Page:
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How to build a 3D model pyramid

Updated February 21, 2017

Whether you have a project on ancient Egypt, or you are just looking for a craft project, making a 3D pyramid is a quick and fun way to replicate one of the world's oldest structures. It may have taken the Egyptians years to complete the actual pyramids, but you can build a scale model in just a few minutes. If you need to, create a larger pyramid, simply multiply the width of the base and the length of the sides by the same number.

Draw a square, 13 cm to a side, in the middle of the sheet of paper. Make sure that there is at least 10 cm between the sides of the square and the edges of the paper.

Measure to the exact middle of one of the sides of the square. From there, draw a 10 cm line going away from the square. Connect the end of that line with the two closest corners of the square, creating a large triangle off of the side of the square. Repeat this process for every side of the square.

Draw a small tab on the right side of one of the triangles. The tab should be no more than 1.2 cm long and 60 mm wide. Draw one tab on the right side of each triangle. These tabs will be used to glue the piece together.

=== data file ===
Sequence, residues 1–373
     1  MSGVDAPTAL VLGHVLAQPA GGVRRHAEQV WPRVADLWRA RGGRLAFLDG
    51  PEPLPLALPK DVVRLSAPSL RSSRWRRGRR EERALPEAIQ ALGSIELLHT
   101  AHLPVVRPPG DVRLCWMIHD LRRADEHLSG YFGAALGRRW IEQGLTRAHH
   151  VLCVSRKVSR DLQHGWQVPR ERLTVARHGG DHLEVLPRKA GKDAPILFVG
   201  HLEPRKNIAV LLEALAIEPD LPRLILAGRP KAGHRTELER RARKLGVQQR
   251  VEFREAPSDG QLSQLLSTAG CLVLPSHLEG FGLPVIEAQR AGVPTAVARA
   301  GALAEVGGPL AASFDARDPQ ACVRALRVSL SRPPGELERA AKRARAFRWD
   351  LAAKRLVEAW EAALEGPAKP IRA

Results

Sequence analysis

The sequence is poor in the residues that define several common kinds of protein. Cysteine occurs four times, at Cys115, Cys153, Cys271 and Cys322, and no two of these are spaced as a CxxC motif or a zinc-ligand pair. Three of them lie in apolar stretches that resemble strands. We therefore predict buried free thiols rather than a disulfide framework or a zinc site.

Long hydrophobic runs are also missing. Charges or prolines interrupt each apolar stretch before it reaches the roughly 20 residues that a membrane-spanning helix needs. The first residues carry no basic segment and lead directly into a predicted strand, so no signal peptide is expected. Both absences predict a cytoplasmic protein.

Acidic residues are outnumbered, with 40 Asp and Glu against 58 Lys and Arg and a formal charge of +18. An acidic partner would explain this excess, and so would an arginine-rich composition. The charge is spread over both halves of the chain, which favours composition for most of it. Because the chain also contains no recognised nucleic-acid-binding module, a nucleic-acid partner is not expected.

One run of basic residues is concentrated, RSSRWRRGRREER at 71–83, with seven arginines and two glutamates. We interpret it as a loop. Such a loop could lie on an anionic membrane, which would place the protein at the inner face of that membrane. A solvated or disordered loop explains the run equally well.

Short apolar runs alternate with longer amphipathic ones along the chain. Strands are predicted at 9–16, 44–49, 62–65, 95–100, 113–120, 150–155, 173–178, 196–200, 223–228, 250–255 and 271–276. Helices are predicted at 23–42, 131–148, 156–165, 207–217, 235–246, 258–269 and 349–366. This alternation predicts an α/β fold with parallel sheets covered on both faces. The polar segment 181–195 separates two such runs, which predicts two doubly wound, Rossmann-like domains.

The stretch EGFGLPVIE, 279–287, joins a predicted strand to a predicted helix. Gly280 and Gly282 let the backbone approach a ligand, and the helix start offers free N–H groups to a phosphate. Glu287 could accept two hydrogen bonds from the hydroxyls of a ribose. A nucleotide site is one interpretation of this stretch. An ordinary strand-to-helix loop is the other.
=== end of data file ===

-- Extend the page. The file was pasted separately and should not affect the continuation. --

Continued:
Decorate the triangles as you see fit. These triangles will make up the sides of your pyramid. You can glue glitter or sand to it, colour the pyramid, or even draw hieroglyphics or Egyptian symbols.

Cut around the entire design, including the four tabs. Once the design is completely cut out, flip it over on the table so that the decorations are facedown.

Fold the paper at the bases of the triangles so that they come together to form a point. Place a dab of glue on the tabs and press them into the back of the adjacent triangle. The fourth tab might be a bit tricky, since all four sides will be closed at that point, but just stick a pencil into the top of the pyramid and press the tab into place.

Things You'll Need

  • Construction paper
  • Pencil
  • Ruler
  • Glue
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About the Author

Shawn McClain has spent over 15 years as a journalist covering technology, business, culture and the arts. He has published numerous articles in both national and local publications, and online at various websites. He is currently pursuing his master's degree in journalism at Clarion University.